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Dispatch from Belarus: The story of L. – a young Belarusian woman describes her arbitrary arrest, ‘trial’ and 15-day imprisonment – JURIST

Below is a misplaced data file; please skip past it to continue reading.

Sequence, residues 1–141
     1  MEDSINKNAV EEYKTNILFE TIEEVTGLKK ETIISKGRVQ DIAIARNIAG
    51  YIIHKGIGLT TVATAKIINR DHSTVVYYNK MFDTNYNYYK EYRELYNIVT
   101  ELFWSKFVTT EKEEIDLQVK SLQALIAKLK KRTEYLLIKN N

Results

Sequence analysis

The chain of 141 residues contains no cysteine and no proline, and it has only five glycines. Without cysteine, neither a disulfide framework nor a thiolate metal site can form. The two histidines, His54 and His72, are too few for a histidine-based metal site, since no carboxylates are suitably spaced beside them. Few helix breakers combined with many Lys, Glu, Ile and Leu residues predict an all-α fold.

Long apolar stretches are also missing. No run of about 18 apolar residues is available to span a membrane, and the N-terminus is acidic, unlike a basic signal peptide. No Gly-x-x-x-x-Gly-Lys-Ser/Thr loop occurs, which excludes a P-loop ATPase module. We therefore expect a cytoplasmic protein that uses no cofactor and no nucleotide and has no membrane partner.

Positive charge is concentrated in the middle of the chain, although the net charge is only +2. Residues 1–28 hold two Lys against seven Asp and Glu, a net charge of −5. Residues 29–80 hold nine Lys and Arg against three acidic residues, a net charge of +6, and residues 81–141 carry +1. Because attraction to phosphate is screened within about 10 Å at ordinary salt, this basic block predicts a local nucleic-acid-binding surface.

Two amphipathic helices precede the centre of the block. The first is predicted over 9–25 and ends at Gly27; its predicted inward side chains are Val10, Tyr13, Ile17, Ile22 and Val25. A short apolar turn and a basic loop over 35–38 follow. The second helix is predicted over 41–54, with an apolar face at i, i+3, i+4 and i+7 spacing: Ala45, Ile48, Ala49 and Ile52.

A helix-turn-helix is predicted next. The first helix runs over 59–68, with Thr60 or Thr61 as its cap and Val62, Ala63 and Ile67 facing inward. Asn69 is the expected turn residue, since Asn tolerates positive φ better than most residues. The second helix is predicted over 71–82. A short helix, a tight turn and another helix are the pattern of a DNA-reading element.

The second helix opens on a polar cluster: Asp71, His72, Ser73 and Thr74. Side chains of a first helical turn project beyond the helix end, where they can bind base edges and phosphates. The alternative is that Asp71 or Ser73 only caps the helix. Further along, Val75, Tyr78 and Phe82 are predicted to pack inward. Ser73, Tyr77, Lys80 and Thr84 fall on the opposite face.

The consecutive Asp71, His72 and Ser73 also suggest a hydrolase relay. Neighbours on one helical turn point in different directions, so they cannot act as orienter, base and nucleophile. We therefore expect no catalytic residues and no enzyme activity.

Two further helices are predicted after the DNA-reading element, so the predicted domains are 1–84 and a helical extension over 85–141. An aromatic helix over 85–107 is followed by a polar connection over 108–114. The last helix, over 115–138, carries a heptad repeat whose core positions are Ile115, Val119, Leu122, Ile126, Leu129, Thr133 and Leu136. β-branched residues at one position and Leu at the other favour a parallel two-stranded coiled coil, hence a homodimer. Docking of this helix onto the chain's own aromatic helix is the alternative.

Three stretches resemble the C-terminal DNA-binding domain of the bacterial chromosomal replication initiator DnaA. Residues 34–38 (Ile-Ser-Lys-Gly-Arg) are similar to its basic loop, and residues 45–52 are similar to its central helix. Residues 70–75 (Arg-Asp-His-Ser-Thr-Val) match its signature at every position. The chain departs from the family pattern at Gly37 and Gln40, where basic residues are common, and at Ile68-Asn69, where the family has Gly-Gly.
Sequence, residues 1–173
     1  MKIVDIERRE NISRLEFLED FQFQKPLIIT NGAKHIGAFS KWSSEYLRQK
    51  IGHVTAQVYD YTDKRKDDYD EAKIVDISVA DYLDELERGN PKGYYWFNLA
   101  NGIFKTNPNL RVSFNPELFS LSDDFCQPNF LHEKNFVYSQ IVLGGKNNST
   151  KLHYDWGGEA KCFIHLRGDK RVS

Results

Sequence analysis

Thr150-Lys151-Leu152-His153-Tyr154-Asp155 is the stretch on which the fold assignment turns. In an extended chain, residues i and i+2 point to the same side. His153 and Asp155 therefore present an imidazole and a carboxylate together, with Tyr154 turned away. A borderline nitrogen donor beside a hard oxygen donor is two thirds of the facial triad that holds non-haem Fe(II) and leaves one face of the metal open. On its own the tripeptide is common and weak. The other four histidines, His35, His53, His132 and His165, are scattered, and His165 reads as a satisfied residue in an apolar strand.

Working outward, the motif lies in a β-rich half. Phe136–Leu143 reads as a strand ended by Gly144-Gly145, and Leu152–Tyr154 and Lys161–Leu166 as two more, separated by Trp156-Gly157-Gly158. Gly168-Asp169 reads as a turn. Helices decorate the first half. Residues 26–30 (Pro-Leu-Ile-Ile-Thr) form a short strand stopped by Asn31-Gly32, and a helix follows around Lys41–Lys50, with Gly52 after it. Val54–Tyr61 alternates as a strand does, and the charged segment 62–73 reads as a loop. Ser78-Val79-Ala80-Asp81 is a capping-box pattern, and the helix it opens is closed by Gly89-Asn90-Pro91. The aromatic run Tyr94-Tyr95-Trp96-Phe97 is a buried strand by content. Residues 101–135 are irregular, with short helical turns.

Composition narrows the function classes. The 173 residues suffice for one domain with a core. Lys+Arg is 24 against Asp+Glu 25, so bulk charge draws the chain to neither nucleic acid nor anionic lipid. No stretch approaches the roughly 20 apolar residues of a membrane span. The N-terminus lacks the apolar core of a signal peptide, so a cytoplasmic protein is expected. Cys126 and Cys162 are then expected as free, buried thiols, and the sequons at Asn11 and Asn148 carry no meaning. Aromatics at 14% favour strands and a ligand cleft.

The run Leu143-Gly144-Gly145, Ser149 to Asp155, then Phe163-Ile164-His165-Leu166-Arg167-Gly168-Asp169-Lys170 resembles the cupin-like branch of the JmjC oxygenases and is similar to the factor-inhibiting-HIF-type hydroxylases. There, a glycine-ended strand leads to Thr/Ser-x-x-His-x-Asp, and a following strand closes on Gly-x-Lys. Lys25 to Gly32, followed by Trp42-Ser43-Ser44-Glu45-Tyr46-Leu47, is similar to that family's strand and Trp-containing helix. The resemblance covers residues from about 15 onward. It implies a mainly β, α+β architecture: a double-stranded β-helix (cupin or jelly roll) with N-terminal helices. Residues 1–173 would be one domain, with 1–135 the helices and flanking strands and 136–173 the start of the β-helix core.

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JURIST The correspondent in Belarus, Ulyana Belaya, is currently a student in the International Law and European Union Law program at the European University for the Humanities, Vilnius, Lithuania. She left Belarus in September 2021. The text of this dispatch has been lightly edited to preserve the author’s voice. The Russian war against Ukraine has lasted 113 days so far. This means that it is the 113th day since Russian weapons have been delivered from Belarusian territory. In a previous JURIST dispatch I wrote about the Russian occupation of the territory of Belarus and mentioned the courage of the Belarusian people who continue to protest and support Ukraine. However, the question of the collective responsibility of Belarusians still arises. That is why I would like to describe what the repression against those who participated in the anti-war protests, and those who did not, looks like in Belarus at the moment. To write this dispatch, I spoke with my acquaintance, L., who had the courage to share his experience. She is 18 years old and she was arrested on February 28 and sentenced to 15 days in prison. She, her friends, her sister were not doing anything, they were just standing in the square next to the train station in Minsk, Belarus. At first I thought I would describe her experience and comment on where and how her human rights were violated. So I decided to retell her own words with some explanatory interjections. This is what life in Belarus looks like now. In the previous paragraph, I say that L was ‘stopped’. This is how L. describes what happened to him: We were standing in the square, and we had even bought tickets to go to our friends’ houses. We decided to go there if the protest [a protest against the war in Ukraine] was unsuccessful. There were also about 50 people standing by the station, but it was obvious that most of them were policemen. They didn’t wear uniforms, but now we all know how to tell them apart even in civilian clothes. Also, some of them had cameras and were taking pictures of others. At a certain point, some of them broke away from the crowd and approached us. They did not identify themselves or explain what was happening. They ignored our tickets and asked us to follow them. So at no time during L’s detention, or after his arrest, or during his trial, were any explanations given to the detainees. There was also no documentation of his arrest. After giving all the information at the police station I asked if he could go. The policeman said ‘Yes, of course’, and I was walking down the hall smiling happily because nothing bad had happened. But the moment I opened the door, I saw a prison truck. I thought I was free to go, but just a little longer! L. couldn’t even get any answers to questions from him during the trial: The judge asked me if he wanted to submit any application for the trial. I had no idea what it might require, so I asked the judge. She just clicked her tongue and didn’t explain anything. During the trial I also asked some other questions and she just yelled at me. Since the trial is mentioned, there must be a description of it. Today’s legal community is discussing the modernization of trials, and even online trials as well. Here is a description of an ‘online trial’ in Belarus in the 21st century… We had to wait for the trial all day since morning. Waiting means standing in the hall, facing the wall and holding hands behind your back. Those who wanted to use the bathroom had to beg for it. I couldn’t get over such humiliation, therefore I stayed there for 9 hours. It was also very stressful, as you never know what awaits you: a day, a week or a year in prison. The trial was in the usual room, where there was a place for a laptop, for me and for the policeman. We stood there for about 15 minutes, and only 5 of them were actually on trial. The rest of the time, the policeman was just trying to connect with the judge via Skype. The witness was wearing a mask around his neck that covered his entire face and was basically reading his testimony from the newspaper. Later, some of my acquaintances told me that during his trial, the witness had the nickname ‘KGB’ written on the application; the others saw that the witness was openly marked ‘Renegade’. The judge yelled at me for asking questions and for expressing my mistrust of the trial. I am very sorry that I did not reply, as it is now obvious to me that it will not influence anything. All of us, about 70 people who were sentenced that day, had our terms prejudged. Then L. mentions to her cellmate, that she was criminally accused: I have no hope that she will be released. I used to believe, but now I know how Belarusian justice works. There is no hope. At first I said this article would be about the crackdown on anti-war protesters. However, some people are actually being arrested for nothing. L. tells about her cellmate in prison: We were both 18 years old, so we were the youngest. She had just left the subway and was stopped for nothing. She didn’t know anything about politics and she asked ‘Who is Tsikhanouskaya?’ However, she was a political prisoner. L. tells her experience with a lot of jokes and tenderly refers to the people with whom she spent it. We created a schedule, where we had English and French lessons and some other lectures. We hear about Jewish culture and about women’s rights. We also did exercises every morning. They were all so nice to each other. I spent 15 days there and there were no arguments or fights. I felt such strong solidarity. The first day a prison worker came to tell us that they did not have enough food for everyone. So they gave only half of us something to eat, but he impressed me so much that we all shared the food without hesitation or arguing. Problems with food supply were normal: we had breakfast at 6 am, lunch at 2 pm and dinner at 6 am. One day they didn’t feed us. We asked where he was and the policeman said ‘Let me see’. He didn’t come back until dinner time. L. mentions that type of constant lies and the ignorance of the prison workers as something that was the most shocking for her: As political prisoners, in the temporary detention center we slept without mattresses. Some women tried to complain about it and demanded mattresses. The jailer said ‘We are not that type of institution that has mattresses’. The next day we were going to court and we saw piles of mattresses lying in the hallway. There were so many of them! And we had to sleep in bunk beds with gaping holes or even on the floor. In prison they refused to give me medicine, saying they didn’t have any. But we could see through the door that they did. The absence of medication and medical help caused horrible incidents that L. told me: There was a woman with a chronic illness, something with her kidneys. She had to take medication every day a few times, but she was not given it. On the fourth day we thought that she was dying, since she could not open her eyes. We were screaming and demanding an ambulance. And she finally arrived after 5 hours of waiting. Another woman had an epileptic seizure. For 4 hours we asked the jailers to call the ambulance, and that was relatively fast. At the end of my term, almost everyone got sick. It was probably an infection or it was just too cold in the cell. Anyway, almost everyone had a fever and there was no medicine. They were giving us – 33 women! – a pack of sanitary towels per day. To be honest, I have no idea how to comment on the terrible living conditions in the prison. L. had experienced sleeping on the floor; her being in the prison cell with 40 people at the moment (whereas she was meant to be used for only 4 inmates); absence of hot water; and no toilet paper. Once we were offered to take a shower. I felt something was wrong, so I didn’t go. Those who did, told us that they only had time to take off their clothes. The water started running and stopped after about a minute. So they didn’t get a chance to wash up and they all came back wet. All these humiliating conditions were only for political prisoners. And in the context of war that was even more terrible. The jailers drank a lot. They told me that once they were drinking and then they broke into the cell with men and beat them. Meanwhile they were listening to the song called ‘Sky of the slavic’, which is a hymn of the Russian Nazis. Once all the women began to cough for no reason. There was a kind of gas in the room, and the workers also suffered from it. However, it stopped after a while. And we listen to the men in the next cell. They were coughing, unable to inhale, and that was the most horrible sound I had ever heard. As usual, no explanation from the police. But some of us, who had participated in the 2020 Belarusian protest, recognized the gas. Peaceful protesters were persecuted with him. We decided that they wanted to punish the men but miscalculated the amount of gasoline. Every day we were examined in the corridor. We just got inspected by a woman. But then the men were beaten during the inspection. A dog was sick behind them and they were made to run. One night we heard that a man felt so bad that he could not stand up and walk. Then the jailers would taunt him and shout ‘Slide faster! Faster!’ The policeman told my sister that we are all Nazis. She wanted him to be killed in the war as soon as possible. L. mentions terrible things, like being forced to stand for hours just because the prison workers wanted him to, or sleeping on the floor with the lights on as usual. She says: I didn’t do anything abnormal, they just stopped me on the street. Thousands of Belrussians have been through this. And she is right. The Belarusian authorities are trying to hide the protests. For example, detainees are transported at night so no one can see how many prison trucks are approaching. Despite all the terror and oppression, Belarusians continue to fight.L. and her sister were expelled from the university after that. Which is also part of the repression machine. But she says: I don’t regret anything. I remember when we were transferred to another cell. And there was a book, a part of normal life, a book! – there. It was the biography of Lesya Ukrainka. And we decided to guess with him. We ask ‘Will there be a free Belarus?’ and the reply was ‘Greetings from London, Geneva and Paris’. That is what I expect.